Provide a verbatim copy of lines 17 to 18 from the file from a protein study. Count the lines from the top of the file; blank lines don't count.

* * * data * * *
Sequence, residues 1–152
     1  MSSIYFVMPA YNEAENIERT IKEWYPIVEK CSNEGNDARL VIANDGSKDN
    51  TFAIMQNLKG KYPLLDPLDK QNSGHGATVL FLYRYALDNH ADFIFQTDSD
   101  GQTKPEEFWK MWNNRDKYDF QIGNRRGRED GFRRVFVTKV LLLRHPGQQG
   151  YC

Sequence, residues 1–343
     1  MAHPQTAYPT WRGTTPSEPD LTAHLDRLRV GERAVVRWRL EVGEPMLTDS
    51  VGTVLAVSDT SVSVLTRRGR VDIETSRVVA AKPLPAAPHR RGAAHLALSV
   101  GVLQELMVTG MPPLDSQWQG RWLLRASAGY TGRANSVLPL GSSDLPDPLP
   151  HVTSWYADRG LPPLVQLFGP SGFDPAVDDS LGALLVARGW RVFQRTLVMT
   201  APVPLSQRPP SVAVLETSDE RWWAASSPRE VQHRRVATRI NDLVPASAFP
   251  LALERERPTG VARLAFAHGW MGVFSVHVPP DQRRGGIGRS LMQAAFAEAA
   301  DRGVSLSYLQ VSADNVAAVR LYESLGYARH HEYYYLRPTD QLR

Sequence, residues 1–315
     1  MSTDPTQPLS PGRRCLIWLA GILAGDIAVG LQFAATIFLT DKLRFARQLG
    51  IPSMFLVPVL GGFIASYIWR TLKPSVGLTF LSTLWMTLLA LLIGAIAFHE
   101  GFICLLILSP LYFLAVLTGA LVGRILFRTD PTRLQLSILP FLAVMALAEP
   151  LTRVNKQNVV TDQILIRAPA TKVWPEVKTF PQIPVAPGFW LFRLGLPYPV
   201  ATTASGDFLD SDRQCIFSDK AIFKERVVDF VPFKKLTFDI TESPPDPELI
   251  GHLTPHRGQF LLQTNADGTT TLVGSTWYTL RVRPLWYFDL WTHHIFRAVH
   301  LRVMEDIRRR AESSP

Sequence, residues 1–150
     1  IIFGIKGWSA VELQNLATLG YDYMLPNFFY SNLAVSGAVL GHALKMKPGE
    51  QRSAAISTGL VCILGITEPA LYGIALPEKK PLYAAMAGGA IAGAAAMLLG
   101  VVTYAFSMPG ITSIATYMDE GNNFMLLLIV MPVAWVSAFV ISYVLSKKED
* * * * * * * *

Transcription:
   101  GFICLLILSP LYFLAVLTGA LVGRILFRTD PTRLQLSILP FLAVMALAEP
   151  LTRVNKQNVV TDQILIRAPA TKVWPEVKTF PQIPVAPGFW LFRLGLPYPV